Blockchain is the most overrated and, at the same time, underrated technology we have seen in a generation. Most market pundits hold extreme views ranging from a glorified Ponzi scheme to the end of current business practices as we know them.
My sober background in finance does not immediately lend itself to transformational technologies as my experience is deeply rooted in wealth and asset management—however, my industry outlook has arguably been way out there on the fringe of science fiction. One area that has not escaped my attention is the ‘tour de force’ of blockchain technologies, which appears to have Marmite connotations these days, i.e., either you love it or hate it.
I have taken great interest in understanding the underlying technology and likely evolution—the learning curve is less dramatic than one might think. I, like many, foresee blockchain, or more precisely, blockchain infrastructure will dramatically impact our whole business architecture. However, the current rose-tinted euphoria surrounding cryptocurrency and altcoins may be slowing market adoption rather than propelling it, as with big data and AI, for example.
Blockchain infrastructure in simple terms removes the necessity for trust and provides information security between two counterparties—reinventing transactions and facilitating a new era of supply chain automation. But like the plumbing and wiring we take for granted in a building, blockchain infrastructure will be there but out of sight. I am not sure that we will really recognise its multi-trillion dollar impact until a decade or so in the future.
However, I’ve been far more skeptical of cryptocurrency and altcoins, not because I don’t see them as our logical transformation of money, but because the ones making headlines today may not be as successful when we see widespread adoption. That said, I do own Bitcoin, Ethereum and EOS as a healthy hedge against my own ignorance. The area that most interests me is the world of decentralized finance (DeFi) apps, which is where I see blockchain adoption finally ramping up.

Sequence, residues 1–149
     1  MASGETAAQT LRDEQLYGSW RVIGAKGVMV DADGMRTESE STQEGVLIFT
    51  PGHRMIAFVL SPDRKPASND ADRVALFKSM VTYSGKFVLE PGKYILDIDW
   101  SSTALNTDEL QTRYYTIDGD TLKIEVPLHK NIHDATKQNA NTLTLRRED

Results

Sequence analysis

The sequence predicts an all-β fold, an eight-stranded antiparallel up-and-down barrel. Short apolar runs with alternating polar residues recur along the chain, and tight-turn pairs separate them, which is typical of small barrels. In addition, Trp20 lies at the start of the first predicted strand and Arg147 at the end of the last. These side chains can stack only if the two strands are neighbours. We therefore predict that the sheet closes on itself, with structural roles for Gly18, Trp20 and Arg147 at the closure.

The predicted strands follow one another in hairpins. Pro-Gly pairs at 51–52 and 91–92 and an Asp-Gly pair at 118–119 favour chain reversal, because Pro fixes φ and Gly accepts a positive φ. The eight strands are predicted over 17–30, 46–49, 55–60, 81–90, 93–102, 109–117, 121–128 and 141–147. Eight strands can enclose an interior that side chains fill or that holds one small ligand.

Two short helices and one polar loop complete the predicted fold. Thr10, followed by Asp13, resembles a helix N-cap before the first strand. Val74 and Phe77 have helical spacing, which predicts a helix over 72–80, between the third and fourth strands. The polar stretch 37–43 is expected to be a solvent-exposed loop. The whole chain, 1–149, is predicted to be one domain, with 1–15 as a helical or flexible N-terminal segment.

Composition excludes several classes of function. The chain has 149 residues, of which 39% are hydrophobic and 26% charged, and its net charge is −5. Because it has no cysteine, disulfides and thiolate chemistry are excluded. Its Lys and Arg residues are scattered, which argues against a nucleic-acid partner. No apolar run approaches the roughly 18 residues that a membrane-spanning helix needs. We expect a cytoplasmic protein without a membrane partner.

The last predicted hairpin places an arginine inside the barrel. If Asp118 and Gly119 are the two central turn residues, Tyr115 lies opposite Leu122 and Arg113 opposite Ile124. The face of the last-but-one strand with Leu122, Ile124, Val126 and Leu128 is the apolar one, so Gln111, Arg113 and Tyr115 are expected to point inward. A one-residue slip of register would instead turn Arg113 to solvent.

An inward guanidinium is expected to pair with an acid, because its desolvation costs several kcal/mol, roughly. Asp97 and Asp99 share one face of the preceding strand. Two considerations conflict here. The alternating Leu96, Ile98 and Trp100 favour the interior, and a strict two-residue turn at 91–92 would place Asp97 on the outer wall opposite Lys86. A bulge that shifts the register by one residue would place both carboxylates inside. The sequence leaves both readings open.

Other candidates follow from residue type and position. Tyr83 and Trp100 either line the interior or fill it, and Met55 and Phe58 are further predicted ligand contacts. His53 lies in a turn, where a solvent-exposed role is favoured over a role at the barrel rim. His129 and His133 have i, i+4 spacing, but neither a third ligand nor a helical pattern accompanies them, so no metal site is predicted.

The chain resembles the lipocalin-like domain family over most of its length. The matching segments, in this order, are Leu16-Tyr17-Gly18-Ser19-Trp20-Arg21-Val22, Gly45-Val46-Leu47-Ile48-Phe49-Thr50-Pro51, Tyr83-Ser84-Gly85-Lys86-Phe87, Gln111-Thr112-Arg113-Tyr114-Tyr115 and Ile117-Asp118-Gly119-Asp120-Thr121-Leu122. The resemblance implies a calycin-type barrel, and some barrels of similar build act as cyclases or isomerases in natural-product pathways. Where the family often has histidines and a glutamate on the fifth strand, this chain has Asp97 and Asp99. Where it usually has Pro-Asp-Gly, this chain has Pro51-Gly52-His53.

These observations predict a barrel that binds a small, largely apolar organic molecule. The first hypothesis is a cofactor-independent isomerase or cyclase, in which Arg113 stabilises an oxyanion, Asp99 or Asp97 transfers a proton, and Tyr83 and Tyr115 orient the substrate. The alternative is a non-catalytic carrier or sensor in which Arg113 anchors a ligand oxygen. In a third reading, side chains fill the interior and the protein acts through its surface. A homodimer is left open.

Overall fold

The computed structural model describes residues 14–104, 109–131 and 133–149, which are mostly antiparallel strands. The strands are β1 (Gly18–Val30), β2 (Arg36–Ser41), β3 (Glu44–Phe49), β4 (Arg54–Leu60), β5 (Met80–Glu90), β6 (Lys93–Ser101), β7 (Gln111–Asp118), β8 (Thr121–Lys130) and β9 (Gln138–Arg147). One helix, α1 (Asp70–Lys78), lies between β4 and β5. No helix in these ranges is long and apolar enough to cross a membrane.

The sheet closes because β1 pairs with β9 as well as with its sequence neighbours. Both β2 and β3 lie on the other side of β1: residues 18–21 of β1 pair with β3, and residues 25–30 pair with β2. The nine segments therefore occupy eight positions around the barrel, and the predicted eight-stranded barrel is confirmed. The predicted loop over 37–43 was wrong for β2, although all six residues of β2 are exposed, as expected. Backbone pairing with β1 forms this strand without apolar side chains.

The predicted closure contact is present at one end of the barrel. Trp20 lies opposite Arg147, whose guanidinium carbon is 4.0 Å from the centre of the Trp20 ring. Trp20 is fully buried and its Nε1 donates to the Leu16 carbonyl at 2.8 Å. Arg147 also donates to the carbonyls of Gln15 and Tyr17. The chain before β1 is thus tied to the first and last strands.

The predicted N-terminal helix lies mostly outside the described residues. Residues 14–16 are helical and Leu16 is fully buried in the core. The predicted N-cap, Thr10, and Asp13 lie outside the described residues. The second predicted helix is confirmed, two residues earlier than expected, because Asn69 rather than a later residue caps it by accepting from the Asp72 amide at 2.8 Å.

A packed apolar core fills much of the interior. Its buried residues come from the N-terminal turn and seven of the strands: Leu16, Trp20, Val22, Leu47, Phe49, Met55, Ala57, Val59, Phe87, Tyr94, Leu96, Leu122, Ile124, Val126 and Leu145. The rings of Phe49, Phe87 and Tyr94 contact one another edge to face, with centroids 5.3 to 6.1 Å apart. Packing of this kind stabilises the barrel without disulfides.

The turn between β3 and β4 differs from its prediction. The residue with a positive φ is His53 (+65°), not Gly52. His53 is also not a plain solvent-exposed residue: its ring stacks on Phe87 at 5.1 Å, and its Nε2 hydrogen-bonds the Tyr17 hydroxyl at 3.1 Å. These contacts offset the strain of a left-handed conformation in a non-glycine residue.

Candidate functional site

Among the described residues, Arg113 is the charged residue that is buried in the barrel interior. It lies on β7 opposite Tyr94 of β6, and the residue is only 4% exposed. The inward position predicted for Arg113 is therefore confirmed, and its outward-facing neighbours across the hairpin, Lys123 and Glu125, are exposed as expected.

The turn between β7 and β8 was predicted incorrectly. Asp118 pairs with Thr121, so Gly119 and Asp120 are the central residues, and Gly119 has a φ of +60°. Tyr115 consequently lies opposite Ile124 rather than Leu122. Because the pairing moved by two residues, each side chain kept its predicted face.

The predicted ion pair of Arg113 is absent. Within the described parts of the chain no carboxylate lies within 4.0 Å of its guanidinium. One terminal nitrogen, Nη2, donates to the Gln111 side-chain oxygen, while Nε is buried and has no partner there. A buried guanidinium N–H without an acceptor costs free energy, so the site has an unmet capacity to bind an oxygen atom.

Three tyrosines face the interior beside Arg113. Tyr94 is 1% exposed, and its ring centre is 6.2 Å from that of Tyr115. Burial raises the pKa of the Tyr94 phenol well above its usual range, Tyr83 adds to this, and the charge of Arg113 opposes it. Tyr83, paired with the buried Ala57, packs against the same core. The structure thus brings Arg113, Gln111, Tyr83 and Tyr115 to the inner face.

I would recommend we start to move away from the Las Vegas-fuelled aspects of blockchain and move towards real businesses that deliver real innovation. Companies on my private radar include: UK-based Nivaura, led by Avtar Sehra and Marcello Fiori which are looking to power capital market workflows; also, UK-based Transak, led by Sami Start and Yeshu Agarwal which are looking to challenge payment gateways; and, Singapore-based Biconomy, led by Ahmed Al-Balaghi, Sachin Tomar and Aniket Jindal, which are building Web 3.0 apps. Interestingly, Silicon Valley is acting more like a VC these days as technological innovation appears to have shifted to the ‘Global’ Valley.
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